Monday, June 27, 2005

In the Beginning... was the Command Line, by Neal Stephenson

In the Beginning... was the Command Line, by Neal Stephenson

I’m hit and miss on Stephenson, but this essay is great. He breaks down the operating system religious debate (Mac versus Windows versus Linux) better than most, and is entertaining as well. I’ll admit I tend to be the Microsoft apologist at the office (past and present) but I’m comfortable in the Unix world, too. I’ve never had much use for Macs, although friends tell me that the latest version is pretty darn good. In any case, while Stephenson clearly shows his preference he does a fair job of outlining the pros and cons of all the choices. I haven’t come across anyone else that was anti-Microsoft (although there is very little venom here unlike most diatribes out there) yet thought the government antitrust case was ridiculous. It is a bit dated (BeOS is considered one a major option) but that doesn’t hurt the tale. This essay is an entertaining rant and will be enjoyed by anyone working on distributed machines.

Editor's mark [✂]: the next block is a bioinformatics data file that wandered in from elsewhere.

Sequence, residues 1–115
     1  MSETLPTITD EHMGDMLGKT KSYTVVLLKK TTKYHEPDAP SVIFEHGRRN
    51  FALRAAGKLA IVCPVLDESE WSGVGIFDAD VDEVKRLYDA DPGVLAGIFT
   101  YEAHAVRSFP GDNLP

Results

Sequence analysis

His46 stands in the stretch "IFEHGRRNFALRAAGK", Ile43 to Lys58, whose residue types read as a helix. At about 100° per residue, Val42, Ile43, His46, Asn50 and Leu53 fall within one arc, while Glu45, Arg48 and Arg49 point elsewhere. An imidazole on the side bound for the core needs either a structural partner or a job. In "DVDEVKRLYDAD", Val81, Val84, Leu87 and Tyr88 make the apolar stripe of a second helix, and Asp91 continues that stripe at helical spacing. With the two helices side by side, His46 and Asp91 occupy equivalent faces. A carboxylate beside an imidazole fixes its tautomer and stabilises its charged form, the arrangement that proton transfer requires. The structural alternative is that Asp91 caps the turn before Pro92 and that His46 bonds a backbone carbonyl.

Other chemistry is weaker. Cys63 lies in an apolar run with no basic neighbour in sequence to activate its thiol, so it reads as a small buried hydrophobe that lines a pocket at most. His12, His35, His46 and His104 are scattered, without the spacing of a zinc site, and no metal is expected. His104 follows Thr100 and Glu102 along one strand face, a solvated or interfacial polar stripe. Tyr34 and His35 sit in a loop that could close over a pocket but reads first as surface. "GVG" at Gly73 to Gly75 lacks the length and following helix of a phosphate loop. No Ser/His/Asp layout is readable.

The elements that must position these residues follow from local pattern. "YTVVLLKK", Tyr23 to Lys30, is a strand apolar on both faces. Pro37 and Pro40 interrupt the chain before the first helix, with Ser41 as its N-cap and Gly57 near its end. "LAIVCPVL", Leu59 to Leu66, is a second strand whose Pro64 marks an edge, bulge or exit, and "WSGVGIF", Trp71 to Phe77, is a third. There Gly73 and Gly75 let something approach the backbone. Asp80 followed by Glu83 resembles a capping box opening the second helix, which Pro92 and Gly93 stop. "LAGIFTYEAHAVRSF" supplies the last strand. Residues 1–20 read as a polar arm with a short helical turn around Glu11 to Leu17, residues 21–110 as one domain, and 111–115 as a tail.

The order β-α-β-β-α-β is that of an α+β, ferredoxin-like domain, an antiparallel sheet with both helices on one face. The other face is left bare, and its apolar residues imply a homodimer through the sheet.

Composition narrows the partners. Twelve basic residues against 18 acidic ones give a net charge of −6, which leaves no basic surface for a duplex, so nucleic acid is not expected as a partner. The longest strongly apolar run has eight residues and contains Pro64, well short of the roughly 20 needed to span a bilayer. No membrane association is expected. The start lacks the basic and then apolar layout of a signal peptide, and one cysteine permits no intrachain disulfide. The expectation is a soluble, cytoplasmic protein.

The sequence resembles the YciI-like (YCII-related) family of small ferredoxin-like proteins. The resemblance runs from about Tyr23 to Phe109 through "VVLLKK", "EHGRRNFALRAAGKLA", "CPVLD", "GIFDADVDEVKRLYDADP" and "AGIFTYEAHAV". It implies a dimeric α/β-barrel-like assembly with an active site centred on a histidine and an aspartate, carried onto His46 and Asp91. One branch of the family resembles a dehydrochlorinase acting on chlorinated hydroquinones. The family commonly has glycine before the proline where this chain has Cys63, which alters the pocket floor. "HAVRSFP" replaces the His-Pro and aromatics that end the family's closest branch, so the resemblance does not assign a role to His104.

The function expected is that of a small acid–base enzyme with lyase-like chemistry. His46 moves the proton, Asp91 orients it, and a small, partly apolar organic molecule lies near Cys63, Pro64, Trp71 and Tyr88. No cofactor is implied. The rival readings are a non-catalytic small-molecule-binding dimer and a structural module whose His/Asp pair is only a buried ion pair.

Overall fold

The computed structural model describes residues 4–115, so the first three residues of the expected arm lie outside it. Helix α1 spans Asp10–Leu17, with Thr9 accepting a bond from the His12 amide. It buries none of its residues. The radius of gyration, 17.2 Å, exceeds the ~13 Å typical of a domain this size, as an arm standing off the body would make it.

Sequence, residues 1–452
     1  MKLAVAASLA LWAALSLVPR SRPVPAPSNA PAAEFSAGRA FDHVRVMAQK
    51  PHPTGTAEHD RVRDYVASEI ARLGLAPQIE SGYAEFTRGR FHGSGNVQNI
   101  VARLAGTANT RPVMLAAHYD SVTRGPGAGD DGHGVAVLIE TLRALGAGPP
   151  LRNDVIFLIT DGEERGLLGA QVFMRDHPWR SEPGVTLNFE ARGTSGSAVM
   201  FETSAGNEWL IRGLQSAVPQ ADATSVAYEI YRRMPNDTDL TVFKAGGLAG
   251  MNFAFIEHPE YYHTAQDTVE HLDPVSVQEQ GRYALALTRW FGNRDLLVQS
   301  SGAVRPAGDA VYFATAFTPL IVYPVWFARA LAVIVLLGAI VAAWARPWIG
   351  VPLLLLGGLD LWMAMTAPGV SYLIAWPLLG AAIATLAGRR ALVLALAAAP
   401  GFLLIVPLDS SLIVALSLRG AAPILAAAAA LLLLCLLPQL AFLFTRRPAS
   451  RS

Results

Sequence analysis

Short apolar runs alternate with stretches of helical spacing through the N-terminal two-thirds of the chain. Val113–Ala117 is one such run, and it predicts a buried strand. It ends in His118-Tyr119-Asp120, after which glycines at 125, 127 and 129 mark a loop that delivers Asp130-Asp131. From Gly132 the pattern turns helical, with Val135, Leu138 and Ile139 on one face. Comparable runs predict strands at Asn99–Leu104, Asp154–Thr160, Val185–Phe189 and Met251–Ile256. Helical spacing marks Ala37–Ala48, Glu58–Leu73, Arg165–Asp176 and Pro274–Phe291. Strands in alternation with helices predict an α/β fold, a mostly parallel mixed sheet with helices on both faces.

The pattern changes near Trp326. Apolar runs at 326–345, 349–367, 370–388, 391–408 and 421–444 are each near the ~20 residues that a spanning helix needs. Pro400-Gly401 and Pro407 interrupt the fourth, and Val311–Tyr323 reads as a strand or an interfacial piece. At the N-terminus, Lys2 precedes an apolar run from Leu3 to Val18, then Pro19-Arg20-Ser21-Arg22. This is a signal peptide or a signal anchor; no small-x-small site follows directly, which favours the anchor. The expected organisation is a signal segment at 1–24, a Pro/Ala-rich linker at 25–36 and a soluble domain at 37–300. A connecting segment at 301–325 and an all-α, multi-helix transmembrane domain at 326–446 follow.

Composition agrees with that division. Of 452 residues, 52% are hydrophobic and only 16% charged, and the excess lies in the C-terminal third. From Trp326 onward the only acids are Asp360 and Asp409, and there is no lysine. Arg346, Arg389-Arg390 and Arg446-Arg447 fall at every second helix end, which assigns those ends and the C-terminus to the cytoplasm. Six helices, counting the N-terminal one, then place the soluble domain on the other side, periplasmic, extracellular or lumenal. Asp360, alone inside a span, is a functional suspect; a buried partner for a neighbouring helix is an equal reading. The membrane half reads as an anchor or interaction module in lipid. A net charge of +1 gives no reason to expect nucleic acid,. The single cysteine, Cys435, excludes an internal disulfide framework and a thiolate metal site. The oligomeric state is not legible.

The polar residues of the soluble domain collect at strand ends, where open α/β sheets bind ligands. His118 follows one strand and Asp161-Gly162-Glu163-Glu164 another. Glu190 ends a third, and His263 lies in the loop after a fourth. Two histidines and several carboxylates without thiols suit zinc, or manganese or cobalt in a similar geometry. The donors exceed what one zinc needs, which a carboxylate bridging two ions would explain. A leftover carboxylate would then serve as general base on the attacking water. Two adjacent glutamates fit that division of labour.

First Sentence:
About twenty years ago Jobs and Wozniak, the founders of Apple, came up with the very strange idea of selling information-processing machines for use in the home.

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